Sanafir Island

From Wikipedia, the free encyclopedia
Jump to navigation Jump to search
Sanafir Island
Native name:
Geziret Ṣanafir / جزيرة صنافير
Strait tiran 83.jpg
Map of Tiran and Sanafir Islands
LocationRed Sea
Coordinates27°55′48″N 34°42′36″E / 27.93000°N 34.71000°E / 27.93000; 34.71000Coordinates: 27°55′48″N 34°42′36″E / 27.93000°N 34.71000°E / 27.93000; 34.71000
Total islands1
Area33 km2 (13 sq mi)
Highest elevation49 m (161 ft)
Saudi Arabia Saudi Arabia

Sanafir Island (Egyptian Arabic: جزيرة صنافير‎, romanized: Geziret Ṣanafir,[citation needed] pronounced [ɡeˈziːret sˤɑnɑˈfiːɾ]) is an island in the Straits of Tiran east of Tiran Island. It is about 33 km2 (13 sq mi) it is located at the entrance to the Straits of Tiran, which separates the Gulf of Aqaba from the Red Sea. The island is about 2.5 km from Tiran Island.[1] The island are characterized by floating coral reefs.[2]

The island was under Egyptian control in the past but now it is under Saudi Arabia sovereignty on 8 April 2016, after the completion of extradition procedures.[3] On 17 June 2017, Egyptian President Abdel Fattah el-Sisi ratified the maritime demarcation agreement between the two countries.[4][5] It was adopted on maps and official documents on 17 August 2017 and approved by the Egyptian House of Representatives on 14 June 2017, which approved the subordination of the island and its neighbor to Saudi Arabia. The United Nations was notified in accordance with the Charter of Article 102 of the provisions of subsidiarity and sovereignty relating to islands and maritime territory.[6]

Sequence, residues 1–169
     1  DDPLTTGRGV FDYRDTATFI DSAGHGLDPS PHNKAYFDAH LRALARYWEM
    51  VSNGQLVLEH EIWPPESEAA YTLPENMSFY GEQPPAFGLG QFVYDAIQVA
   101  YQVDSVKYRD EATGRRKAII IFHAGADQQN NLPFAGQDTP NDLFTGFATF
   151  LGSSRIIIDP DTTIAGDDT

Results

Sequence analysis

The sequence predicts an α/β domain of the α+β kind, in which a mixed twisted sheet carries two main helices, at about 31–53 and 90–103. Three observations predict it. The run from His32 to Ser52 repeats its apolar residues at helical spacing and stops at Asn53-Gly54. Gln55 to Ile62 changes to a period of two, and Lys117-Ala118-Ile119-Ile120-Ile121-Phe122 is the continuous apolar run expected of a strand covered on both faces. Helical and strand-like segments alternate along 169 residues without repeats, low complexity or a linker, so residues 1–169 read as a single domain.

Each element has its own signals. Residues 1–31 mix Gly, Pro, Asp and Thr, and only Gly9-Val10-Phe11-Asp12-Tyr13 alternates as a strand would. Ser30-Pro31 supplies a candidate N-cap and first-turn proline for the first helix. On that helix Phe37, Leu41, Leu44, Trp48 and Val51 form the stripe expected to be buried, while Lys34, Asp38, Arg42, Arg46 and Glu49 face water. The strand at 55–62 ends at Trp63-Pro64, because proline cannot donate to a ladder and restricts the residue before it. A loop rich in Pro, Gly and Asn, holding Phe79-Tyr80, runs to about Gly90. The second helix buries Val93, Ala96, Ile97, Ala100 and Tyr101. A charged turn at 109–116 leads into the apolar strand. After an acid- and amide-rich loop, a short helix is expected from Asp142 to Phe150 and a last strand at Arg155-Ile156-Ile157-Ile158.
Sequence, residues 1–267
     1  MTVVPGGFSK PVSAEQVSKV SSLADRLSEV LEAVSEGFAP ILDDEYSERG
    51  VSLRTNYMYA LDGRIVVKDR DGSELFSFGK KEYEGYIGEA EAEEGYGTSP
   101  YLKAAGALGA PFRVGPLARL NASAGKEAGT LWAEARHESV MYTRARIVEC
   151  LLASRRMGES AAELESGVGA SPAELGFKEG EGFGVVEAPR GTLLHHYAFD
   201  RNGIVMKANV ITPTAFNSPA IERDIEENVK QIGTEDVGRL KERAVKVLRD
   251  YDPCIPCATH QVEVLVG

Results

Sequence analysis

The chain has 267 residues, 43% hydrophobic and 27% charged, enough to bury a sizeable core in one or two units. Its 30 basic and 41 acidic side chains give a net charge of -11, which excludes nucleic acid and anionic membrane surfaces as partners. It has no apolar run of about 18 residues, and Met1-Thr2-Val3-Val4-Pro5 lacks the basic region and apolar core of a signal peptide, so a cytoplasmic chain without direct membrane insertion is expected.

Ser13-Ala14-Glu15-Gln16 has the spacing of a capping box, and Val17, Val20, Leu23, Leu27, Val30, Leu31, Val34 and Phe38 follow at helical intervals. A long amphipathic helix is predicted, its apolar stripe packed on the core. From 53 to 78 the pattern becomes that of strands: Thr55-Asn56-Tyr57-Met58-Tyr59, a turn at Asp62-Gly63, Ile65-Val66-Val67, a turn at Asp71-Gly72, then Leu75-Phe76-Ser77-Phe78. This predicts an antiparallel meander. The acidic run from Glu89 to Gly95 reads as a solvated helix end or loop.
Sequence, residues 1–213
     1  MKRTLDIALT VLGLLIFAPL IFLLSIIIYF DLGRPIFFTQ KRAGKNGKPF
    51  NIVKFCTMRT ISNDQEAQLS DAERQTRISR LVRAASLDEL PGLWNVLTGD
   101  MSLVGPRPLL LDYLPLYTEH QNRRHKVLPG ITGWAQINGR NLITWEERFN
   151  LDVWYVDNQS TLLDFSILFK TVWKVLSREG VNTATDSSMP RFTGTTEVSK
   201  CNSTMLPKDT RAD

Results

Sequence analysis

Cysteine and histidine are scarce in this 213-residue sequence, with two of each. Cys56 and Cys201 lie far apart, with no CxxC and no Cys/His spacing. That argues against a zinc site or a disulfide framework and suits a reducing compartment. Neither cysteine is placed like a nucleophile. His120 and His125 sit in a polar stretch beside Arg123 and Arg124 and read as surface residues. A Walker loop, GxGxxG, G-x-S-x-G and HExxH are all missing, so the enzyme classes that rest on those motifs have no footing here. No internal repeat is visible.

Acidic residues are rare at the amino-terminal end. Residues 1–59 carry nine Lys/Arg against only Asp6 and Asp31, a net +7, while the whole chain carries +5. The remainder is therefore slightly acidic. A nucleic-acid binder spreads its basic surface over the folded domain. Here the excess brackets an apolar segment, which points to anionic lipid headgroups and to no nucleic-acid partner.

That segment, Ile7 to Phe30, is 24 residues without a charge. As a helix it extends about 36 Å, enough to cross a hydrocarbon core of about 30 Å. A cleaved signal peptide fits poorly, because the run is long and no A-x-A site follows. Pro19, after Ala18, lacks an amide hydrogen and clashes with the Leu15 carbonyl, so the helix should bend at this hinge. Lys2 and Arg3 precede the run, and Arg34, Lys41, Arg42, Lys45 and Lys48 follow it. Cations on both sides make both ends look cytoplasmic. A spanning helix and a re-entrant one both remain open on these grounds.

The name comes from Coptic ⲥⲉⲛⲛⲟⲩϥⲣⲓ Sanufri which itself comes from Egyptian s.t-n-nfr.t, "place of good profit".[7]

Transfer to Saudi Arabia[edit]

On 9 April 2016, the Egyptian government declared that Sanafir and Tiran Island fall within the territorial waters of Saudi Arabia, as codified in the maritime border agreement signed with the government of Saudi Arabia on the previous day. However, the agreement had to be ratified by the Parliament of Egypt.[8]

Meanwhile, the deal has been quashed by an Egyptian judge,[9] and an Egyptian court gave its final ruling in January 2017, rejecting the deal and affirming Egyptian sovereignty on both the islands.[10] The deal has caused turmoil in Egyptian politics erupting mass protests that accused President Sisi of "selling" Egyptian land.[11]

On 14 June 2017, Egypt's House Committee on Defence and National Security unanimously approved the transfer of Tiran and Sanafir islands to Saudi Arabia, and the plan was passed by the Egyptian Parliament later the same day.[12] The deal moves forward the idea of building the Saudi–Egypt Causeway.[13]


In World War II, the Egyptian forces on Tiran and Sanafir islands were part of the Egyptian troops protecting Suez canal, according to Egypt's representative at the 659th UN security council meeting on 15 February 1954:[14]